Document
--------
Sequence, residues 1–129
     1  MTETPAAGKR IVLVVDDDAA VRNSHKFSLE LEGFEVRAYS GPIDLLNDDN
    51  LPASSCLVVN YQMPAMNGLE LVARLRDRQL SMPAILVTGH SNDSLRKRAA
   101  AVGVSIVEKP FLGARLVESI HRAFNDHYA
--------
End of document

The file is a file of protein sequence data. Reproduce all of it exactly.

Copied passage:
Sequence, residues 1–129
     1  MTETPAAGKR IVLVVDDDAA VRNSHKFSLE LEGFEVRAYS GPIDLLNDDN
    51  LPASSCLVVN YQMPAMNGLE LVARLRDRQL SMPAILVTGH SNDSLRKRAA
   101  AVGVSIVEKP FLGARLVESI HRAFNDHYA